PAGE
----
Myths and Folklore Wiki

The Four Horsemen of the Apocalypse are four entities who are described as part of a prophecy by John of Patmos in the last book of the New Testament of the Bible, the Book of Revelation 6:1–8.

The Christian apocalyptic vision is that the Four Horsemen are to set a divine apocalypse upon the world as harbingers of the Last Judgment.[1][2]

Myths & Legends

The chapter tells of a book or scroll in God's right hand that is sealed with seven seals. The Lamb of God opens the first four of the seven seals, which summons four beings that ride out on white, red, black, and pale horses.

The prophecy describes a period of time when a quarter of the population of the earth would be killed by a combination of wars, famine and disease. The prophecy describes the causes as:

  1. a conquering people whose weapon was the bow "I looked, and there before me was a white horse! Its rider held a bow, and he was given a crown, and he rode out as a conqueror bent on conquest",
  2. as people engaged in constant war "Then another horse came out, a fiery red one. Its rider was given power to take peace from the earth and to make men slay each other. To him was given a large sword",
  3. high food prices leading to famine "before me was a black horse! Its rider was holding a pair of scales in his hand. Then I heard what sounded like a voice among the four living creatures, saying, "A quart of wheat for a day's wages, and three quarts of barley for a day's wages, and do not damage the oil and the wine!" and 
  4. disease "I looked and there before me was a pale horse! Its rider was named Death, and Hades was following close behind him." These four are then summed up as follows "They were given power over a fourth of the earth to kill by the sword (war), famine, and plague and by the wild beasts of the earth".
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Though theologians and popular culture differ on the name of the first Horseman, but the four riders are often seen as symbolizing:

  • Conquest or Pestilence (on a White Horse)
  • War (on a Red Horse)
  • Famine (on a Black Horse)
  • Death (on a Pale Horse)

Conquest/Pestilence on a White Horse

"Then I saw when the Lamb broke one of the seven seals, and I heard one of the four living creatures saying as with a voice of thunder, "Come." I looked, and behold, a white horse, and he who sat on it had a bow; and a crown was given to him, and he went out conquering and to conquer."

— Revelation 6:1-2 New American Standard Bible (NASB)


Based on the above passage, a common translation into English, the rider of the White Horse (sometimes referred to as the White Rider) He carries a bow, and wears a victor's crown. In Revelation 6, the rider has just one crown given, not taken, indicating a third person giving authority to the rider to accomplish his work.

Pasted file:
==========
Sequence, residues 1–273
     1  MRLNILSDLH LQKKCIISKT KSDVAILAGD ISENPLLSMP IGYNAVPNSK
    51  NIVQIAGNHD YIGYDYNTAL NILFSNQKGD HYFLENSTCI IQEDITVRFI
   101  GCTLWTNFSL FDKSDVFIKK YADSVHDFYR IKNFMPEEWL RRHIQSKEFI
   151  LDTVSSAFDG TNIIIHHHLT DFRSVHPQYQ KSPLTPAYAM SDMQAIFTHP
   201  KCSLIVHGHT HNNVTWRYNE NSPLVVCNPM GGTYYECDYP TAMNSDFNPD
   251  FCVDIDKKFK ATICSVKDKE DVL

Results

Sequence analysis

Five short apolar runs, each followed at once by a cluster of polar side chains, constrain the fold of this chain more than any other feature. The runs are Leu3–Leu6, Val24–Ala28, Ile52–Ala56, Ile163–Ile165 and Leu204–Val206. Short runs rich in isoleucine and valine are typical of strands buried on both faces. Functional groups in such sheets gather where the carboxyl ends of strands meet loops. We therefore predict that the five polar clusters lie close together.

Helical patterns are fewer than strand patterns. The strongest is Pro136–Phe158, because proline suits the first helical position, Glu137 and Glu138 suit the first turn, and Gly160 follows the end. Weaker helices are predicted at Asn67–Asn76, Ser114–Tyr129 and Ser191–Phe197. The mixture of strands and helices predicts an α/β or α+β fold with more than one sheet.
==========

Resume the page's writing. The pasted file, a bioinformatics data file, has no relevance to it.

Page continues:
As an Infectious Disease (Pestilence or Plague)

Under another interpretation, the first Horseman is called Pestilence, and is associated with infectious disease and plague. It appears at least as early as 1906, when it is mentioned in the Jewish Encyclopedia.[3] The interpretation is common in popular culture references to the Four Horsemen.[4]

The origin of this interpretation is unclear. Some translations of the Bible mention "plague" (e.g. the NIV) or "pestilence" (e.g. the RSV) in connection with the riders in the passage following the introduction of the fourth rider; "They were given power over a fourth of the earth to kill by sword, famine, plague, and by the wild beasts of the earth." (Revelation 6:7-8 NASB). However, it is a matter of debate as to whether this passage refers to the first rider, or to the four riders as a whole.

Symbollic of the Lamb

Irenaeus, an influential Christian theologian of the 2nd century, was among the first to interpret this Horseman as Christ himself, his white horse representing the successful spread of the gospel. Various scholars have since supported this notion,[5] citing the later appearance, in Revelation 19, of Christ mounted on a white horse, appearing as The Word of God. Furthermore, earlier in the New Testament, the Book of Mark indicates that the advance of the gospel may indeed precede and foretell the apocalypse. The color white also tends to represent righteousness in the Bible, and Christ is in other instances portrayed as a conqueror.[6][7]

Four horsemen by godcharon d2rcdz9-fullview.jpg

However, opposing interpretations argue that the first of the Four Horsemen is probably not the horseman of Revelation 19. They are described in significantly different ways, and Christ's role as the Lamb who opens the seven seals makes it unlikely that he would also be one of the forces released by the seals. It must also be noted that while the rider of the white horse wields a bow and wears a single crown, Christ rides forth with a sword, wearing many diadems.